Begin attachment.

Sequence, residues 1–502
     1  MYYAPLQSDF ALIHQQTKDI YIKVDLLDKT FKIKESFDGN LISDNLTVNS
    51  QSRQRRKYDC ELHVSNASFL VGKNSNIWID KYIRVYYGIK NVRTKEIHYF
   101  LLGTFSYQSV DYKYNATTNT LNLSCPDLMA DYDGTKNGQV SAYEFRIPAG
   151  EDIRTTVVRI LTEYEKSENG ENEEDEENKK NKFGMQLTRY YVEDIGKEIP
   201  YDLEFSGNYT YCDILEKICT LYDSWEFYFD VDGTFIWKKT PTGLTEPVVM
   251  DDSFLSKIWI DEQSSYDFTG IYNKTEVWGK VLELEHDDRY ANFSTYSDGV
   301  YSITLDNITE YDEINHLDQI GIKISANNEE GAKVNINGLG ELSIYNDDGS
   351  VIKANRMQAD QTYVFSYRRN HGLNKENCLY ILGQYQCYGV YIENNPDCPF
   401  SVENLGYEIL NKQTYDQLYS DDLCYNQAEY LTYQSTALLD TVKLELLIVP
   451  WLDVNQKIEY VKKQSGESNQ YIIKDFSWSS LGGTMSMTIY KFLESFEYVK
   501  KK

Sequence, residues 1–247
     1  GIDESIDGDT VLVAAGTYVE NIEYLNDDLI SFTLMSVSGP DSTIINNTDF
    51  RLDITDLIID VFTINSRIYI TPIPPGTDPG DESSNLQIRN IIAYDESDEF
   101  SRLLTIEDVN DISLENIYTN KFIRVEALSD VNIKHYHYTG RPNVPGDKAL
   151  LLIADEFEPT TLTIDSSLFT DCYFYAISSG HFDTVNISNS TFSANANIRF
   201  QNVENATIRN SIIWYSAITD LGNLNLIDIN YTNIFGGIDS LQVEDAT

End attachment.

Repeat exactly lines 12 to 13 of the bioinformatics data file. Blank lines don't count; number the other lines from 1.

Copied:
   501  KK

Sequence, residues 1–247